How the CEBL’s success is pushing Canada Basketball to the next level

Olu Famutimi and Kimbal Mackenzie playing for the Guelph Nighthawks in the 2020 CEBL Summer Series. (Credit: Ward 1 Studios)

Olu Famutimi’s basketball career began before the world of Canadian hoops took shape. Before basketball was widely covered around the country. Before Canada’s national teams made headways at almost every international event. Before the game of basketball took over The North.

Things were very different for players like Famutimi back then. They typically had to transfer away from Canada as early as high school, as that was the only way to achieve the goal of becoming a professional basketball player. Save for playing for their home country in international tournaments, Canada’s best hoopers only returned home once their careers were complete.

Fast forward to 2020, and Famutimi has returned back home, except his career is not done yet.

Over the past 20 years, basketball in Canada has launched into a different stratosphere, and so much has changed. Opportunities for home grown players have continuously increased, culminating into perhaps the best showcase of Canadian talent yet, the CEBL.

Now, instead of travelling the world in search of basketball glory, Famutimi is playing in front of a national audience on his own home soil. He can look at his teammates and know that things have changed for the better since his early days in basketball.

“I think guys coming up now, it’s a blessing for them,” said Famutimi, a forward for the Guelph Nighthawks, “Because I didn’t have this when I was younger.”

With the CEBL’s Summer Series marking its 2nd season since its inception, the league houses a wide variety of Canadian hoopers arriving from different backgrounds. Some arrive via the U Sports pathway that has very clearly become a point of emphasis for the league. Others make their return home after stints at American colleges. Many players are years removed from their college days and have travelled back from professional seasons all across the globe.

For all, however, it provides a unique opportunity to both advance their professional careers, and help shape the basketball landscape of their home country.

Kimbal Mackenzie, a teammate of Famutimi on the Nighthawks, embodies the opportunity provided. A native of Oakville, Ontario, he grew up a short drive away from the CEBL Summer Series venue in St. Catharines. In order to advance his career, he moved away from home, and played college ball at Bucknell, in central Pennsylvania. Once his college career was over, he ended up right back in the area where he began.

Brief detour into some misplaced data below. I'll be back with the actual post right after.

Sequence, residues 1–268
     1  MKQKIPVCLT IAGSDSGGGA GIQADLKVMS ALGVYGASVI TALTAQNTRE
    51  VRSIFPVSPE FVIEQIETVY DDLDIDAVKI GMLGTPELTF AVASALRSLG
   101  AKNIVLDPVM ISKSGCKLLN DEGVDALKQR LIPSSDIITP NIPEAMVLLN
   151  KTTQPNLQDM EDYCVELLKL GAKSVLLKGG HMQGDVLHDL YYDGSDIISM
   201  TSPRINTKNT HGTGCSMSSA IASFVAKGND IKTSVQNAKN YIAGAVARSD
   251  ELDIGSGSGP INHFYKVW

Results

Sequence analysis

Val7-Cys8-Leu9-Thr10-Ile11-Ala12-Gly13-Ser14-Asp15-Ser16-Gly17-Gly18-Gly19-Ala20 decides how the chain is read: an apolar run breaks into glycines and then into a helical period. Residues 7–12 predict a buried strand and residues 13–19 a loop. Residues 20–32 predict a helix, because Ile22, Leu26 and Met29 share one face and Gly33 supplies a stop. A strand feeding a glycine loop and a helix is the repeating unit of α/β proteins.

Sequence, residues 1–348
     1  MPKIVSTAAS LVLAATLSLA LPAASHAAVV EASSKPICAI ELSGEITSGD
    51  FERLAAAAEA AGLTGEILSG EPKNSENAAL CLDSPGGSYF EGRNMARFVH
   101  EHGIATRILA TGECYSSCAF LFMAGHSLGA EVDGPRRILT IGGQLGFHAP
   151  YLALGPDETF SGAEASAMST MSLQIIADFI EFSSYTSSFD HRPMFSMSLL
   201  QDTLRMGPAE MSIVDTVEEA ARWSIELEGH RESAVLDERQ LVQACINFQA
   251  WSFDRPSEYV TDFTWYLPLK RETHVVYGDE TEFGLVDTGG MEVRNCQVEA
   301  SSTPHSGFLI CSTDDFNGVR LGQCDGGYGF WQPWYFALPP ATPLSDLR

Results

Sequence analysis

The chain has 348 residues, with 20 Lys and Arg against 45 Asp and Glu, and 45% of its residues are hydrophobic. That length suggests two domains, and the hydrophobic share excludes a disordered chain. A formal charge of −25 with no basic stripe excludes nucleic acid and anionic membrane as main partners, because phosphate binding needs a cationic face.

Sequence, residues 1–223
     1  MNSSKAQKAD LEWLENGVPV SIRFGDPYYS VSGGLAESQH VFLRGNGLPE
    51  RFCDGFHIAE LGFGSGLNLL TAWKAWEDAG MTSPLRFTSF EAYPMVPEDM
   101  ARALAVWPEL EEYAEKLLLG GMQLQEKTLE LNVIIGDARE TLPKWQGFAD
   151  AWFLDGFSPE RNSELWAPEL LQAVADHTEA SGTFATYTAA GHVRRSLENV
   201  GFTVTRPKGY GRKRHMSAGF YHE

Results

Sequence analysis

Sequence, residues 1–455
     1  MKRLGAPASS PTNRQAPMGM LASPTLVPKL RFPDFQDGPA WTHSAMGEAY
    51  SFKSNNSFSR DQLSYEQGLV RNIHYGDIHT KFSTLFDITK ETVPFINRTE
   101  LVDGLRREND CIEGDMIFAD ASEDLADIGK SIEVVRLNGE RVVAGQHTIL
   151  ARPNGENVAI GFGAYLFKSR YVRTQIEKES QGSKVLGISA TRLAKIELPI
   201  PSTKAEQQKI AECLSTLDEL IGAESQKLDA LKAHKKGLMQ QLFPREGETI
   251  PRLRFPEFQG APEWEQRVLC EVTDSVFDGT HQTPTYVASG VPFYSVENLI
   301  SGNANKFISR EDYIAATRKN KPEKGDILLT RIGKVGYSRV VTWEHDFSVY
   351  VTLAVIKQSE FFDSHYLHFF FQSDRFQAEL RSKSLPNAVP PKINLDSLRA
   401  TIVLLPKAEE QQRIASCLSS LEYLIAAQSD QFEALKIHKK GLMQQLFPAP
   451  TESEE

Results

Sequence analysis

“It’s nice to be back. There’s times where I’m at the hotel and I’m like damn, 30 minutes away from home which is nice. It’s different from being in Pennsylvania or overseas,” said Mackenzie, “So it’s a nice feeling to know that your family and friends are right there.”

Last summer in the CEBL marked Mackenzie’s first stint playing professional basketball, and he took advantage of the opportunity, leading the Nighthawks in scoring. He used his strong performance as a springboard, getting him a contract in the Spanish LEB Gold league this past season. Just one year in, it became clear that the CEBL could provide young Canadians a chance to push their career to the next level, and that’s exactly what happened with Mackenzie.

“I think the CEBL is doing a great job of giving us a platform to show our talents and play ball,” said Mackenzie, “It’s an amazing opportunity for guys coming back, you can see so much talent in this league and guys really want to play.”

Rashawn Browne started in the same lane as Mackenzie, as after a stellar high school career at Bill Crothers, he attended New Mexico State University with future pro Pascal Siakam. However, after realizing that the NCAA Division 1 path was not the way to go for him, he decided to transfer back to Canada, where he attended the University of Manitoba. After three seasons with the Bisons, Browne cemented himself as one of U Sports’ best guards. So much so, that the Saskatchewan Rattlers selected Browne with the first pick of the second round in the CEBL USports draft.

Thanks to the great partnership between the CEBL and U Sports, it makes it possible for the best of Canadian university athletics to garner professional opportunities right out of school. For Browne, it gave him a chance he may not even have had if he stayed down south, battling it out for a rotation spot. Now, the runner-up for the U Sports player of the year has played the first season of what could be a long basketball career to come.

“I think it shows the growth of the U Sports pathway,” said Browne, “I feel like if we take a deeper look at the U Sports game and a message to all the players in similar situations I was in, coming back from the US or looking to transfer to another school in the US, really consider transferring back to U Sports because it is really growing.”

Browne now walks around on the court with a chip on his shoulder. He plays with extreme intensity, and is one of the most vocal players in the entire CEBL. For many, Browne could be a great example of what playing college basketball in Canada looks like. He knows that there are others that are in a similar situation he was in, and hopes that more players give the U Sports pathway a shot.